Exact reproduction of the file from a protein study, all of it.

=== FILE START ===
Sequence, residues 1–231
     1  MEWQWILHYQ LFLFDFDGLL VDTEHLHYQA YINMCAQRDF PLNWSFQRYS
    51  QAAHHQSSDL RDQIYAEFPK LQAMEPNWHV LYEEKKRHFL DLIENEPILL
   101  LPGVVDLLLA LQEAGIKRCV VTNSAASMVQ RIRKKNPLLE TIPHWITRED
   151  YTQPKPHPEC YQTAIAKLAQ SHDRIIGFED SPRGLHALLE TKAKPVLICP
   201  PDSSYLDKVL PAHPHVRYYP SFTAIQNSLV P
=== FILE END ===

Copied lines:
Sequence, residues 1–231
     1  MEWQWILHYQ LFLFDFDGLL VDTEHLHYQA YINMCAQRDF PLNWSFQRYS
    51  QAAHHQSSDL RDQIYAEFPK LQAMEPNWHV LYEEKKRHFL DLIENEPILL
   101  LPGVVDLLLA LQEAGIKRCV VTNSAASMVQ RIRKKNPLLE TIPHWITRED
   151  YTQPKPHPEC YQTAIAKLAQ SHDRIIGFED SPRGLHALLE TKAKPVLICP
   201  PDSSYLDKVL PAHPHVRYYP SFTAIQNSLV P